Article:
Facebook Backs Down When ‘Napalm Girl’ Photo Ban Sparks Outcry

The social media site had previously banned the iconic Vietnam War image because it violated their nudity policy

Napalm Girl Facebook Image

Facebook reversed its ban of an iconic image from the Vietnam War depicting a girl fleeing a Napalm attack after the censorship sparked outrage.

The Pulitzer Prize-winning photo taken in 1972 had been posted by a Norwegian author, but the social media empire removed the image claiming it violated their nudity policy because the girl was naked.

However, when Norwegian daily Aftenposten lashed out at Facebook Chief Executive Mark Zuckerberg for “limiting freedom,” the standoff caught global attention — and even led to harsh comments from Norway’s prime minister, the Wall Street Journal reported.

“Facebook gets it wrong when they censor such images,” Prime Minister Erna Solberg wrote on her own Facebook page. “I say no to this type of censorship.”

“I want my children and other children to grow up in a society where history is taught as it was. Where they can learn from historical events and mistakes,” Solberg added. “Today, pictures are such an important element in making an impression, that if you edit past events or people, you change history and you change reality.”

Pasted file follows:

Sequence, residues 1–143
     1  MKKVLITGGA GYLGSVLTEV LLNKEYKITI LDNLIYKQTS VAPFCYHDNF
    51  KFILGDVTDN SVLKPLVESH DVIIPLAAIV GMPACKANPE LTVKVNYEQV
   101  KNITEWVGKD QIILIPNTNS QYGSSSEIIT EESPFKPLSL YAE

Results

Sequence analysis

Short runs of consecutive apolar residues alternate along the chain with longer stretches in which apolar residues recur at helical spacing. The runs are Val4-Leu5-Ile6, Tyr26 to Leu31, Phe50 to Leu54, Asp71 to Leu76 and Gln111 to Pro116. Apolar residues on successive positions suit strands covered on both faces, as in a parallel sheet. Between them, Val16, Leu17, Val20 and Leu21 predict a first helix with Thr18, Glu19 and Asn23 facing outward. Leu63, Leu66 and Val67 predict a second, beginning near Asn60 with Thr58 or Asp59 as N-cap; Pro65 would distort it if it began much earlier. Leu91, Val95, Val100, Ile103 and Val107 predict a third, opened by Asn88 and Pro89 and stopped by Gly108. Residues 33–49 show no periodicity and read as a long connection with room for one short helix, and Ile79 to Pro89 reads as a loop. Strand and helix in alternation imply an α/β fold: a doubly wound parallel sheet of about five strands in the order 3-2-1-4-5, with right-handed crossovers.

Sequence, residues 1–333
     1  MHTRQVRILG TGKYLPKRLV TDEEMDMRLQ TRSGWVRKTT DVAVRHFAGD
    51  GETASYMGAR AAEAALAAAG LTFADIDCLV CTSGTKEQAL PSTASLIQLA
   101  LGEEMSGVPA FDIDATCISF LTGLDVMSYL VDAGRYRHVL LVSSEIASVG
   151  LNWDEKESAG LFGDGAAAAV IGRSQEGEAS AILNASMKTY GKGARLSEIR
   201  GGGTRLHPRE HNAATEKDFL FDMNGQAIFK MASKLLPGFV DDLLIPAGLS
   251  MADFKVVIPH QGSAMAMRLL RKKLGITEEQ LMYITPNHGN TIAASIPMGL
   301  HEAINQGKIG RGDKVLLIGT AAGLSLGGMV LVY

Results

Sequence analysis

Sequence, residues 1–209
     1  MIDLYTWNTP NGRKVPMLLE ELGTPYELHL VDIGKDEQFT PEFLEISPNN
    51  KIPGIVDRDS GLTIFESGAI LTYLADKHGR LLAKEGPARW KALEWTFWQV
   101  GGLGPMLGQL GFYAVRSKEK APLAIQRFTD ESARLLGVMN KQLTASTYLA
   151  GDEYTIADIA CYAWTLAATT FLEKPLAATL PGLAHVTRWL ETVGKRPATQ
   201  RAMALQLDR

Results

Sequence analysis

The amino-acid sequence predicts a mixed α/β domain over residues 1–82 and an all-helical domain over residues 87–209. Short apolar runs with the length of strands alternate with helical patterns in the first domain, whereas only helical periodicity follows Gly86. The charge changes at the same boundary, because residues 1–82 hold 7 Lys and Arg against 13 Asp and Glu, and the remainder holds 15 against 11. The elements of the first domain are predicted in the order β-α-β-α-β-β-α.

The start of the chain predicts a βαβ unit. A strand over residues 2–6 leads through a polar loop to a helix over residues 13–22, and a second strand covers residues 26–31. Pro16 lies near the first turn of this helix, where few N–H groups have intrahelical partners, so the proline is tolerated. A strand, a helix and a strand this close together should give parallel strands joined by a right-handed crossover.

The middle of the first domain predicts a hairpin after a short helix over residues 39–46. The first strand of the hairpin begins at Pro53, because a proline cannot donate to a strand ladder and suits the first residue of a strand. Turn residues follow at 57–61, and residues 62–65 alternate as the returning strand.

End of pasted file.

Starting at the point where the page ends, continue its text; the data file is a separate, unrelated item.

Zuckerberg’s company has since backed down and allowed the publication of the controversial photo, along with a statement Friday explaining why it backtracked.

“An image of a naked child would normally be presumed to violate our community standards, and in some countries might even qualify as child pornography,” a Facebook spokeswoman said via the WSJ. “In this case, we recognize the history and global importance of this image in documenting a particular moment in time.”

Facebook also said it will review the process that judges what is appropriate and what isn’t, especially in reference to images of historical standing.

“Because of its status as an iconic image of historical importance, the value of permitting sharing outweighs the value of protecting the community by removal, so we have decided to reinstate the image on Facebook where we are aware it has been removed,” the statement continued.

“It will take some time to adjust these systems but the photo should be available for sharing in the coming days. We are always looking to improve our policies to make sure they both promote free expression and keep our community safe.”

The news was well-received by both Solberg and the original author Tom Egeland, whose account had been suspended.

“That’s very good, I’m a happy prime minister,” Solberg told BBC Radio 4’s The World Tonight program me. “It shows that using social media can make [a] political change even in social media.”